It’s no secret that Google’s Android operating system has become incredibly popular in China over the last couple of years, just as it has in almost every other county, but this might not be the case in future if its government decides to intervene.
China’s authorities believe that the country is way too reliant on Android, and given that Google are, you know, the enemy and everything (American), it’s not a situation that they’re too pleased about.
This much has become clear following the publishing of a new whitepaper from China’s Academy of Telecommunications Research, a government think-tank which examined the current state of the country’s mobile internet. The authors made no bones about their displeasure that Chinese phone makers have become “seriously dependent” on Android in the last few years, noting that while the OS is generally considered to be an open-source platform, its core technology remains strictly under Google’s tight control.
The authors went on to lament “discrimination” on the part of Google when it comes to commercial agreements and sharing Android’s underlying codes.
From what we can gather, the report’s authors are eager to see China develop a serious rival operating system of its own, but given the dominance of Android and iOS, doing so would be “extremely difficult”, as they have already formed a “huge ecosystem” that gives them a massive advantage. While some local companies, such as Baidu, have pressed ahead with their own mobile operating systems, these are widely considered to be inferior products to Android’s offering. In addition, Chinese technology firms are overwhelmingly at the mercy of European and American companies that control the vast majority of the world’s technology patents, adds the paper.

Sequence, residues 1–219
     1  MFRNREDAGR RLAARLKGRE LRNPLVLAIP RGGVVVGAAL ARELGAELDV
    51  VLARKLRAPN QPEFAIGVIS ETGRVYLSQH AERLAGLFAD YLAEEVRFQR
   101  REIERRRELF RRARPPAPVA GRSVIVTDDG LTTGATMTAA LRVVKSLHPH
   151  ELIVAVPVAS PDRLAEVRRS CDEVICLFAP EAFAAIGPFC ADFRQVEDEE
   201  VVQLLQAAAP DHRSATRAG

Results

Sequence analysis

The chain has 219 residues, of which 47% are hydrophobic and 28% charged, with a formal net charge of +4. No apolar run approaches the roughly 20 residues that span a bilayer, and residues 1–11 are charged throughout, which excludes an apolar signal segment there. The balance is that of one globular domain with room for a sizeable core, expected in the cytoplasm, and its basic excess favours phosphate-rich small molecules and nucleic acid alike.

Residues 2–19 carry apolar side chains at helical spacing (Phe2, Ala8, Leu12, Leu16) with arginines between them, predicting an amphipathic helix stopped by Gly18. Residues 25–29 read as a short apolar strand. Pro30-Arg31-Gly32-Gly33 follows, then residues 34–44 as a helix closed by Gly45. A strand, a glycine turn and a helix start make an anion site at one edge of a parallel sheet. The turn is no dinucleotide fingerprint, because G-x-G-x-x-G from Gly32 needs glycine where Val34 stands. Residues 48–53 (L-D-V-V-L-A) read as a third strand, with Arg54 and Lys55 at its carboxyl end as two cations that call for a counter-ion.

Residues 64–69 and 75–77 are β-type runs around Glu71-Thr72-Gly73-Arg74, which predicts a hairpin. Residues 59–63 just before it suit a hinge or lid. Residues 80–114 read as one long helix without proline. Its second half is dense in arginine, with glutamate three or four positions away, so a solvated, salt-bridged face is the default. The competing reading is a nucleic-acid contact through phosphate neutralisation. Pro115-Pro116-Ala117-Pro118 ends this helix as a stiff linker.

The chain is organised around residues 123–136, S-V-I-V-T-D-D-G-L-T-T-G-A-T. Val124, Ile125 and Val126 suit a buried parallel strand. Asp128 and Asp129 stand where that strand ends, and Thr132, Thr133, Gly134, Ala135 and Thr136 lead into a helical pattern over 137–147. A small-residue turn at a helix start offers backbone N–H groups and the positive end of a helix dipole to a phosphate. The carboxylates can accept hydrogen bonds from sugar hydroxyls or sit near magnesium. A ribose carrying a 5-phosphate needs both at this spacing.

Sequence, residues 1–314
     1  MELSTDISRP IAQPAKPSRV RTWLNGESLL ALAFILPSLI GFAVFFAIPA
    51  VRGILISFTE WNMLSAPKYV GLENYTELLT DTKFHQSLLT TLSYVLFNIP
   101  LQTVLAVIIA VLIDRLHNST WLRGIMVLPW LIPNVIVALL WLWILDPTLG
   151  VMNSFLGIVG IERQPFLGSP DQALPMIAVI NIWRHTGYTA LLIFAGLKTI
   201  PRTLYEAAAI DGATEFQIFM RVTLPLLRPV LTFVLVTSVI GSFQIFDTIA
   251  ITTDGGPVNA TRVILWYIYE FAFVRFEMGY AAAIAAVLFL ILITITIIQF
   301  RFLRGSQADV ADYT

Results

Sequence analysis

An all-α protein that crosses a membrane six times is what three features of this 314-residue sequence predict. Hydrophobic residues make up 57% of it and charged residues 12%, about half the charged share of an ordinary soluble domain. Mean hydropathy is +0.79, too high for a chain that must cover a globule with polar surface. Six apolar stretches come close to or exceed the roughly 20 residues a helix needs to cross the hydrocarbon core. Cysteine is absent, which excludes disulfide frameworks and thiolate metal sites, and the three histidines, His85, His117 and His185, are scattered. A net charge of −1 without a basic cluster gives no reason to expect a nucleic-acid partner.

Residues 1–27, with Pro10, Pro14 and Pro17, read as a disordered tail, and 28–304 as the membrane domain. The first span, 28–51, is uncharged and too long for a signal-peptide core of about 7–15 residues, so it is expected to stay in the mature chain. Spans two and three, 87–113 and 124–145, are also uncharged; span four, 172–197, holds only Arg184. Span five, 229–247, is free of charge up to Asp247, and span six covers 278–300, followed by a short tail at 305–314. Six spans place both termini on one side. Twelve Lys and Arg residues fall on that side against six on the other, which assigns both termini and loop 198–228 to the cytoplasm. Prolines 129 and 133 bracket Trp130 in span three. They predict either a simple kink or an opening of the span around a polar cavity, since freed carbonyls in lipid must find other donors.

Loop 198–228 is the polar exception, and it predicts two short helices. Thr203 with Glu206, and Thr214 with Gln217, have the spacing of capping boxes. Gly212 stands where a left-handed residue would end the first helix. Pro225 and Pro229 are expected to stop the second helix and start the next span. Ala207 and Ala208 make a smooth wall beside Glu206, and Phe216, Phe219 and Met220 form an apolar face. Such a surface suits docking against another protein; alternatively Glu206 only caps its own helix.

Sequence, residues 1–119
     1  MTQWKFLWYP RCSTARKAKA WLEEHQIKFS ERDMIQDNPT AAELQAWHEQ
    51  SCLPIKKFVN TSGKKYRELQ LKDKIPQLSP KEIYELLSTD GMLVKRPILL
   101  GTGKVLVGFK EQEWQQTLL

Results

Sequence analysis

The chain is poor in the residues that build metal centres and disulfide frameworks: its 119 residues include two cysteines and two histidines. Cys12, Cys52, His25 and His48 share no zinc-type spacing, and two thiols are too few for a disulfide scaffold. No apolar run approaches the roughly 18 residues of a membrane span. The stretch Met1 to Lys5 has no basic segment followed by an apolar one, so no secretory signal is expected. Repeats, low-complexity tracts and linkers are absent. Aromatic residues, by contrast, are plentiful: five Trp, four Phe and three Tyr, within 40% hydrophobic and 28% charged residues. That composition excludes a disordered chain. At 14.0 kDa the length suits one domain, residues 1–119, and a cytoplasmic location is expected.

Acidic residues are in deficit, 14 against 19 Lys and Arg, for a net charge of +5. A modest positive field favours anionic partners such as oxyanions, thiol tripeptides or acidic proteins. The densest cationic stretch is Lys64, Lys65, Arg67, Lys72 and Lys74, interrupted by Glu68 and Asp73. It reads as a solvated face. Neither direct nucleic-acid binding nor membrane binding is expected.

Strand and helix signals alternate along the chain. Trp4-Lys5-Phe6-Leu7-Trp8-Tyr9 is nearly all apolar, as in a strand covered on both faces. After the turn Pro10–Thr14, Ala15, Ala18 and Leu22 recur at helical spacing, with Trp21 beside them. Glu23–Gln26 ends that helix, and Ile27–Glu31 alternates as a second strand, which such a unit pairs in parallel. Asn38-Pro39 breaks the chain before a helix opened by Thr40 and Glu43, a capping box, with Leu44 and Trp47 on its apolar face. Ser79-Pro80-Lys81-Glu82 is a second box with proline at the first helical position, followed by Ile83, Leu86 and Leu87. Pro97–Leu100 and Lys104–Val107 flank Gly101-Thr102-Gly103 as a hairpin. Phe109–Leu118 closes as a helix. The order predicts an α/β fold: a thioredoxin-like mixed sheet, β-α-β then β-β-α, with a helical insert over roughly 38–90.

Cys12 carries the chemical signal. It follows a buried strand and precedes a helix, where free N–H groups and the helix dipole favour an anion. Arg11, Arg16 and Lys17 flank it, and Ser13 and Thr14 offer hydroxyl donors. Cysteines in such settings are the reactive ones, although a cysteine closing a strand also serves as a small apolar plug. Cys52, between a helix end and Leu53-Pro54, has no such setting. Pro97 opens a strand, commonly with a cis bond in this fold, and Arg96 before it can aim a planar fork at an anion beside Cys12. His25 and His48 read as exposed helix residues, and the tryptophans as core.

Given the present state of affairs, it’s difficult to see what else China can do other than to implement stricter rules designed to make life difficult for Google. China’s famously paranoid leaders will surely be concerned about what they read in this report, and so Google has good reason to worry that it could lead to tighter regulations against Android.
Of course, China’s history of placing harsh restrictions on popular foreign companies is well documented - especially when these actions benefit domestic brands – and its relationship with Google has been, how shall we put it, “strained” over the years. Google is a long-term critic of China’s censorship policies, and has previously accused China of hacking into it’s Gmail service to spy on dissidents within the country, even threatening to leave the country at one point. More recently, Google has joined in the criticism of China’s alleged state-sponsored cyber attacks against US companies.
It remains to be seen exactly what steps China might take against Google, but any action would almost certainly be designed to make it easier for Chinese companies to compete. Google will be concerned because China has become a hugely important market in the past couple of years, but if the government steps in it would have very little room for maneuver. Let us not forget, this is China after all, and if it’s leaders decide that they really don’t want people using Android, its hard to see how Google could fight back.